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|Under Ontario’s microFIT program, this Toronto house could sell unused power back to the grid.|
|(cc) Remi Carreiro|
Seven hundred Ontarians from Ottawa to Windsor to Thunder Bay — including a member of the popular band Barenaked Ladies — will be celebrating a green holiday season after being the first to receive offers to generate renewable electricity under the province’s new feed-in tariff program.
The new microFIT program encourages the development of small-scale renewable energy (10 kilowatts or less) from a diverse range of producers, including homeowners, schools, farmers, and small businesses. It is part of a broader Ontario feed-in tariff program (FIT), the most comprehensive program of its kind in North America. FIT is also aimed at encouraging community-owned and aboriginal-led projects.
“It’s a thrill to be able to power my own lights while at the same time contributing to my city’s electrical needs,” said Jim Creeggan, bassist for the band Barenaked Ladies. “Now that the microFIT program is up and running, it makes solar a realistic option for more households. With enough homeowners on board, communities will have a greater impact on where our power is coming from. I’m glad solar power is getting out of the fringe and into the mainstream.”
The FIT program, one of the cornerstones of the Green Energy Act, provides stable, guaranteed pricing to renewable energy producers of all sizes. It supports the province’s commitment to eliminate dirty coal-fired generation by the end of 2014 — the single largest climate change initiative in Canada. FIT and other initiatives under the Green Energy Act will support the creation of 50,000 “green collar” jobs.
“The new microFIT program literally brings power to the people,” said Gerry Phillips, Minister of Energy and Infrastructure. “It allows homeowners, farmers, schools and Mom and Pop businesses to help power our future and get paid for it, while investing in a new era of ‘green collar’ jobs and expertise.”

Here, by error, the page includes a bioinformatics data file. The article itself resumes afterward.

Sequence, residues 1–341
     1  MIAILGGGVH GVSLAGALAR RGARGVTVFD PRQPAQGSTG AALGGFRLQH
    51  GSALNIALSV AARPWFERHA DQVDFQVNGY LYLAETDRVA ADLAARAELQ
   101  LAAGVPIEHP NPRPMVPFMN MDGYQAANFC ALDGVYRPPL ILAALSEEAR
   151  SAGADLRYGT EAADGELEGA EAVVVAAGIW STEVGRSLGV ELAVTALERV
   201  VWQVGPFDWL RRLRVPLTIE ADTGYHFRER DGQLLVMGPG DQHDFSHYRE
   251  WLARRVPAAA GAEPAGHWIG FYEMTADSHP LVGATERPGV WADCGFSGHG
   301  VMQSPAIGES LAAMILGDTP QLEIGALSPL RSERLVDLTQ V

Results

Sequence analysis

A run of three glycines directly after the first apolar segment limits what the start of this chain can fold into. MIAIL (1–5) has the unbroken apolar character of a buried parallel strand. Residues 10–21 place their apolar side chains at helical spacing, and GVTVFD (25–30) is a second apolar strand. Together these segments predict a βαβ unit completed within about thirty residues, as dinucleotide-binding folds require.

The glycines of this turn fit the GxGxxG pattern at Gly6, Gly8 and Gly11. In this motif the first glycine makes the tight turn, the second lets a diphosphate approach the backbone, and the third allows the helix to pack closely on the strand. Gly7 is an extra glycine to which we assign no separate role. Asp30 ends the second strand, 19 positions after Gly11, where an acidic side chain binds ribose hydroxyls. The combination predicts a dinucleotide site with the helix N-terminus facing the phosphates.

“The tremendous initial response to the feed-in tariff signals a strong future for renewable energy in Ontario,” said Ontario Power Authority CEO Colin Andersen. “We’ve cut the red tape and made it simpler for ordinary Ontarians to become electricity producers and they’ve raced to embrace green energy.”
The Ontario Power Authority has received nearly 1,200 microFIT applications since the program began accepting applications on October 1, mostly for residential roof-top solar power systems. These proposed projects have a combined capacity of about 8.6 megawatts (MW), enough to power about 1,000 average homes.
Between October 1 when the program launched and December 1, the Ontario Power Authority also received about 1,000 applications for projects over 10 kilowatts (kW). This large number of applications ensures there will be more than enough high-quality projects to deliver the 2,500 MW of renewable energy earmarked for the first round of the FIT program. These larger scale FIT applications are still being assessed.
The Ontario Power Authority estimates that the first FIT projects will generate in excess of $5 billion in investments in manufacturing, design, construction, and engineering and lead to the creation of thousands of new jobs.
The Ontario Power Authority is responsible for ensuring a reliable, sustainable supply of electricity for Ontario. Its four key areas of focus are: planning the power system for the long term, leading and co-ordinating conservation initiatives across the province, ensuring development of needed generation resources, and supporting the continued evolution of the electricity sector.
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